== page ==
But you can shut the conversation down by making it seem that you're thinking, "Why... is she talking about this?" (Downside: it'll often be perceived as rude. May not want to try this on family members or other people that you'll be stuck with for the rest of your life.)

Marissa said...

I think people assume, because I'm a "rad fatty" (quoting Marilyn Wann), that telling me I've lost weight must be a HUGE compliment. I've found the easiest way to deflect things when someone says, "ooooh, you've lost weight!" is just to respond with, "I haven't lost any weight, but I do feel great, and I'm really happy about how things are going at work--I must just have a glow about me! So, what's new with you?" etc. I don't have any desire to encourage the conversation about my weight (regardless of whether I've lost any), so I try to just bring it back to (a) I feel good / strong / healthy for [fill in other reason here], and (b) ask that person about what's going on with something in their life to bring the conversation back to a more appropriate track.

I realize this isn't really a "witty comeback," but it usually works. :)

Pauli said...

How about "Darn, and I've been trying so hard to gain some..." ;-)) It sure shuts people up :)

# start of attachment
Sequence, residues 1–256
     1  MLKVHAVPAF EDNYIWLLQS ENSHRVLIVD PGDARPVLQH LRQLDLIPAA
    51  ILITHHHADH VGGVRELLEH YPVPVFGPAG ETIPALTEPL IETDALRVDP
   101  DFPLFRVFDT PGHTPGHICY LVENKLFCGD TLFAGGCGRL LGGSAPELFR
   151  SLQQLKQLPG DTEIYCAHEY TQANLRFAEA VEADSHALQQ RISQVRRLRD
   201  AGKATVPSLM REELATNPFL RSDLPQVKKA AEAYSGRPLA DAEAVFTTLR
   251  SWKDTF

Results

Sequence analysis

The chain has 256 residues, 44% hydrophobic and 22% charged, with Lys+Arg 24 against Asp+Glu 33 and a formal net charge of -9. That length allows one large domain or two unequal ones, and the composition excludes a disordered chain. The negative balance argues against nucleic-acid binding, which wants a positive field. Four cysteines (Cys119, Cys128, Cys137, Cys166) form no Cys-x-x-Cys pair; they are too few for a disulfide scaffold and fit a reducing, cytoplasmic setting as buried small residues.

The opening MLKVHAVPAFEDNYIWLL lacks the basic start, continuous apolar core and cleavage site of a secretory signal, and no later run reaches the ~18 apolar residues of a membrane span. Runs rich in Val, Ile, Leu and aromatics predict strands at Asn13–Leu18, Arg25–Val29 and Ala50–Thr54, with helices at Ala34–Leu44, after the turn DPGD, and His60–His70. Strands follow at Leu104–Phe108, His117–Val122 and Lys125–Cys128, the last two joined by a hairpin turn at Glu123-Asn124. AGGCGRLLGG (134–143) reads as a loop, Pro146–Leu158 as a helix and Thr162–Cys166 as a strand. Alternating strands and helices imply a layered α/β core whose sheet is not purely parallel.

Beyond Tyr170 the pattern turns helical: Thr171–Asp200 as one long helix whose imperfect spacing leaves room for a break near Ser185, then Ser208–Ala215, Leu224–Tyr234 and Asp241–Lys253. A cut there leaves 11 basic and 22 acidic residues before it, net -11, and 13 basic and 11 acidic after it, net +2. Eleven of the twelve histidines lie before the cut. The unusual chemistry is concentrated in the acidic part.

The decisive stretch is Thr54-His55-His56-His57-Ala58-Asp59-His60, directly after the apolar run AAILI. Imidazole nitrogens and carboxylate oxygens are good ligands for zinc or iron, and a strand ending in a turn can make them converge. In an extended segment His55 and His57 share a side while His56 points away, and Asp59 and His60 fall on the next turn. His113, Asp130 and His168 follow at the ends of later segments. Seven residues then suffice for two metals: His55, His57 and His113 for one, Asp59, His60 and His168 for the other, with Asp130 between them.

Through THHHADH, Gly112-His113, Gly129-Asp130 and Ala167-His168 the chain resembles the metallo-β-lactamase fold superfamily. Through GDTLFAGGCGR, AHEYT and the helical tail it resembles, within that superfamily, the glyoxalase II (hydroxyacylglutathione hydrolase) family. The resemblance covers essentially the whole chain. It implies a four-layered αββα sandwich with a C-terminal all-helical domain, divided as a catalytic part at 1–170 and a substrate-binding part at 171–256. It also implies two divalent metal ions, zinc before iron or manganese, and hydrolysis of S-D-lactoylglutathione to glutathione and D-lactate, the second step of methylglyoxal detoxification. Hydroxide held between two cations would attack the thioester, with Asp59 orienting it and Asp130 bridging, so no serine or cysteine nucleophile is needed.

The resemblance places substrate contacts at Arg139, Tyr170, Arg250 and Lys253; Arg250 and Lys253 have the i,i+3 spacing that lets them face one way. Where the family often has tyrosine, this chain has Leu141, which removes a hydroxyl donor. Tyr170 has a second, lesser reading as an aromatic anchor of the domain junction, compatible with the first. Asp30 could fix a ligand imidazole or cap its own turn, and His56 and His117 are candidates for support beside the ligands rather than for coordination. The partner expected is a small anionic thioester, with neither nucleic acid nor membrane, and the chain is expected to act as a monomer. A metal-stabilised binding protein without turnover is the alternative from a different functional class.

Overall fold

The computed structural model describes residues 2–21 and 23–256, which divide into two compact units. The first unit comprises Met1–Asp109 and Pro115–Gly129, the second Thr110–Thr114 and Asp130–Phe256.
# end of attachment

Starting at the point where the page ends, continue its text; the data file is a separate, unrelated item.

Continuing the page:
Eve said...

"No, really, I appreciate the compliment but I prefer not to focus on my weight."

I don't know if that would work but it seems polite yet firm.

Anonymous said...

How about "The number on the scale isn't at all important to me but I am happy these days! Thanks for noticing my glow" or something to that effect. This acknowledges the "compliment" while letting the giver know that you don't consider weight to be a topic to discuss, plus it opens up a change in the direction of the conversation to find out why you're happy :)

Anonymous said...

It really depends if it's someone I like and would theoretically bear to get into a discussion with. I do it like Lindsay B. and say "oh no, pass the mayonnaise, quick!" or "no, I'm just hungover" with a big smile, to signify that I don't see having lost weight as something positive about my appearance.

But if it's just a coworker or someone else I don't care much about, I'd never say anything controversial. I just mumble that I don't weigh myself or something.

Jamie said...

Not exactly the most size-positive comeback, but how about "maybe since you're put on some I look smaller in comparison."